I am in a room full of keys made of poison (don’t ask why). I grab one poisonous key to open a very specific door, causing me to let go of the slightly different non-poisonous key that has the job of adding an extra lock to the same specific door. This door leads to the tools needed to get rid of the other poisonous keys in the room by producing two tools. One can capture the poisonous key from my hand (or anywhere in the room) and hand it off to tool two, which throw it away out of the room. This continues until all of the poisonous keys are gone or at a low enough amount that I won’t succumb to the poison. The first tool also makes a tiny modification to the poisonous key in order to put said key through the slot of the second tool that gets rid of it. Keeping the door open for no reason is a bad thing (like the fridge door), hence having the non-poisonous key is good to have around which is what I had to let go to grab the poisonous key to open the door. Hence, too much of that non-poisonous key would prevent me from responding well or grab to the poisonous key…But what does it all mean?!?!?
It occurred to me that I wrote a scientific article and didn’t exactly say what I think it means to the field or to people that aren’t in the field. I’d like to take this time to correct that. In October of last year, I published my first senior author research article at the University of Arizona. It was entitled “Copper Chaperone CupA and Zinc Control CopY Regulation of the Pneumococcal cop Operon” in a journal called mSphere, and open access journal through the American Society of Microbiology. Now, before you run away screaming, let me try to explain what all that is. If you only partially understood the first paragraph, then you are in good shape.
Ok let me start by the obligatory, copper is toxic to a variety of bacteria, including Streptococcus pneumoniae or pneumococcus (yes, the one there is a vaccine for) and other potentially antibiotic resistant bacteria. We think understanding how copper kills bacteria is important to know so we can figure out how to make copper work better. We also want to know how the bacteria tries to fight back against the copper stress. We know somethings, like they have specialized systems for kicking out copper and these systems could be drug targets.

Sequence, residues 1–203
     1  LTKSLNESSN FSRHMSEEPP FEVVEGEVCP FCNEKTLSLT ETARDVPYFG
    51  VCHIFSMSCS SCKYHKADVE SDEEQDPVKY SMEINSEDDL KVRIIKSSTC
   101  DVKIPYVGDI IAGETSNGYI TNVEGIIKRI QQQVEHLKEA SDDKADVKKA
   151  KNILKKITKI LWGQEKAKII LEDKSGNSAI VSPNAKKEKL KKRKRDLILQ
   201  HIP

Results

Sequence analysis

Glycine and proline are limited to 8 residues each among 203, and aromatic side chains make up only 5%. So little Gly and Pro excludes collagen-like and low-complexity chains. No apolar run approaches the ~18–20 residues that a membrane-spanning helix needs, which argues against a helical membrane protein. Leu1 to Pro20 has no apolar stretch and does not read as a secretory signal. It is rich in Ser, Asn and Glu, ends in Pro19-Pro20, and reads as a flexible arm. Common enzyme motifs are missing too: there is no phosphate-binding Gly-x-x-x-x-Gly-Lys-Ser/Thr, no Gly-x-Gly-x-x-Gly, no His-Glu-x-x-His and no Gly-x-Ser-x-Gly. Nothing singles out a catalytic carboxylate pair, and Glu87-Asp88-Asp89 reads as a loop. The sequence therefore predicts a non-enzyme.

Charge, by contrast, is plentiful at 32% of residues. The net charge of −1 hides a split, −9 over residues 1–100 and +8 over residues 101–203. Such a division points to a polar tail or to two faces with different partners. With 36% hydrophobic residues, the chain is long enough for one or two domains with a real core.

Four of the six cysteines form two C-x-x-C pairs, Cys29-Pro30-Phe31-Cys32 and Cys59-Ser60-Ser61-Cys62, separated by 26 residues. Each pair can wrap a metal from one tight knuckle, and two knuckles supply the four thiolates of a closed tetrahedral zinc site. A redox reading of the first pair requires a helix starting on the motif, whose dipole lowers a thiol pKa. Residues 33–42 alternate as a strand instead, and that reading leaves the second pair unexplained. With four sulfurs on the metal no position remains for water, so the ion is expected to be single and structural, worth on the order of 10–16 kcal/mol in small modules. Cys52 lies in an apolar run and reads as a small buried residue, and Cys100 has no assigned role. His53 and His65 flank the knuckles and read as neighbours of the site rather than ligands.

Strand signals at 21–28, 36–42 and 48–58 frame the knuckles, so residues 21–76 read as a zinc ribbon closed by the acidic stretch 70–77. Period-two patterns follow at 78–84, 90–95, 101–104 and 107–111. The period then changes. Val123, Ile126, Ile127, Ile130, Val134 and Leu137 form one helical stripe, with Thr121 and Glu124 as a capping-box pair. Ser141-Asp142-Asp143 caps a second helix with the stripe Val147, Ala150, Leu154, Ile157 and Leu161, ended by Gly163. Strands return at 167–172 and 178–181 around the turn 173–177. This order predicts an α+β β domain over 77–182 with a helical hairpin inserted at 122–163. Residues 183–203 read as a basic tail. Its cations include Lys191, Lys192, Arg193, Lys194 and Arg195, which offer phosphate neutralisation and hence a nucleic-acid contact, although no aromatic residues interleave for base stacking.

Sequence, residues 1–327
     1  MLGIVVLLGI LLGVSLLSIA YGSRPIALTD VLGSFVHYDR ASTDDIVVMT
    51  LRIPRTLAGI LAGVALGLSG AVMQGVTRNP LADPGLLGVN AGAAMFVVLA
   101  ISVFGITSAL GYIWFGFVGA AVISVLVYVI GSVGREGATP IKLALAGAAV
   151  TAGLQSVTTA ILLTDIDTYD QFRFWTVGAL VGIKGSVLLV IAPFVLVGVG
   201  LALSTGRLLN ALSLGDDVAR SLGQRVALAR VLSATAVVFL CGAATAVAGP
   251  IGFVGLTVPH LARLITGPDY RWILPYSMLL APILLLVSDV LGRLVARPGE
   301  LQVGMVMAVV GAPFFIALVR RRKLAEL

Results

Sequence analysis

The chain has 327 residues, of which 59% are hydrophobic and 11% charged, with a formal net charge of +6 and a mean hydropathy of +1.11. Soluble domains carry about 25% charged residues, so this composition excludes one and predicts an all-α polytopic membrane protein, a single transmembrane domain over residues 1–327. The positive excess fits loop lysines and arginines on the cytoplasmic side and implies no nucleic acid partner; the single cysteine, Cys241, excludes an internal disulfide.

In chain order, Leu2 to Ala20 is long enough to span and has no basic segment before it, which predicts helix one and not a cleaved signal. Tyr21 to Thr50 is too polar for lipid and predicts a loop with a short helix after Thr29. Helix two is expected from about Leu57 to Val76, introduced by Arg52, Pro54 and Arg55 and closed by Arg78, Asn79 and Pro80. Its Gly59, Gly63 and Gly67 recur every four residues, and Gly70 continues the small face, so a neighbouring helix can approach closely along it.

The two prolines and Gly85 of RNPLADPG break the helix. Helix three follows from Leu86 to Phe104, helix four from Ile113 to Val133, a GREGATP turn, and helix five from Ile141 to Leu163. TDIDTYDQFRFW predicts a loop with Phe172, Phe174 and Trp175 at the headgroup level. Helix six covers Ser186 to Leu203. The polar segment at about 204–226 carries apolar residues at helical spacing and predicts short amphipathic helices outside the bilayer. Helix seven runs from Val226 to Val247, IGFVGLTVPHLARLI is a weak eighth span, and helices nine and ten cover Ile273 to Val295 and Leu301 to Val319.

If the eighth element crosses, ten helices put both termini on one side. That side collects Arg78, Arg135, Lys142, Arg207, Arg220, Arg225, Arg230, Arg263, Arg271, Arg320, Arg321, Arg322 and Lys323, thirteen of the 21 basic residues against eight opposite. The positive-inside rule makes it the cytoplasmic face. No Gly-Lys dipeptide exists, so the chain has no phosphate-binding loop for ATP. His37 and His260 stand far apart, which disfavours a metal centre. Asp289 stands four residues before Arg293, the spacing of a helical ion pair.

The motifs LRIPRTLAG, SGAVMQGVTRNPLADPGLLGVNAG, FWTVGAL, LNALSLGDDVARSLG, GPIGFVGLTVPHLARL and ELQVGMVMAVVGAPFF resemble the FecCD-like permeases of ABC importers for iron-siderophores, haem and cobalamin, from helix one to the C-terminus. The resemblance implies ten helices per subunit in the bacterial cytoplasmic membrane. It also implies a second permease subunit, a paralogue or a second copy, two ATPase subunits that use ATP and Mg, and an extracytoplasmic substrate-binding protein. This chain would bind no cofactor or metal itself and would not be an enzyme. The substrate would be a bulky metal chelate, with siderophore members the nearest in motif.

S. pneumoniae has a copper export system, or the cop operon, to export copper (the poisonous key) that consist of an export protein (this exports the copper or the second tool listed above), a chaperone (this guides copper to the exporter for export and is CupA listed in the title, the first tool), and a repressor (this protein makes sure that the bacteria doesn’t make a bunch of proteins it doesn’t need, it, CopY, stops the cop operon from being on until it, see copper, then it releases the DNA so all three proteins can eventually be made aka, me in the story above). Zinc is the non-poisonous key listed. DNA is the door.
The article (which hopefully matches with the story above):
1. I mentioned that copper makes the CopY repression release the DNA, but zinc actually makes the protein clamp down on the DNA. These metals are right by each other on the periodic table so that is quite the effect. We didn’t know that happened with a metal export system before. Adding zinc with copper prevented the repressor from “opening the door” to the operon thus have the effect of killing the bacteria faster than just with copper alone. Copper and zinc make brass so this is known as my super hero name, the Brass Dagger.
2. If you look at the picture, copper II AKA Cu2+ AKA blue lighting (ok the last one is made up) comes into the bacteria, and copper I AKA Cu1+ AKA…well it’s brown like your pipes so…I got nothing…anyway. To get kicked out the cell, it has to be the 1+ version. That 2+ to 1+ is the gain of an electron, a negative charge hence the number going down. We believe that electron has to come from inside the bacteria somehow, but from what and from where? Well, we found that the chaperone (CupA) could give the copper an electron to make it go from Cu2+ to Cu1+. But where is that protein getting electrons from, stay tuned! Or better yet, why does it matter. Loosing electrons has to come at a cost to bacteria and we think trying to keep up with the copper reduction (that’s what adding an electron is called because you are reducing the charge from 2+ to 1+, like adding a negative number). This reduction ends up really harming the bacteria. This chaperone can also take the copper away from the repressor so that it can go back to “shutting the door.”
Hopefully the story above makes a bit more sense now in context.
Cool, can we exploit that? We think so, we hope so, but we need to keep digging. Anyway, that’s the paper. I hope you enjoyed this little review of my laboratory’s recent work. Happy to answer any questions.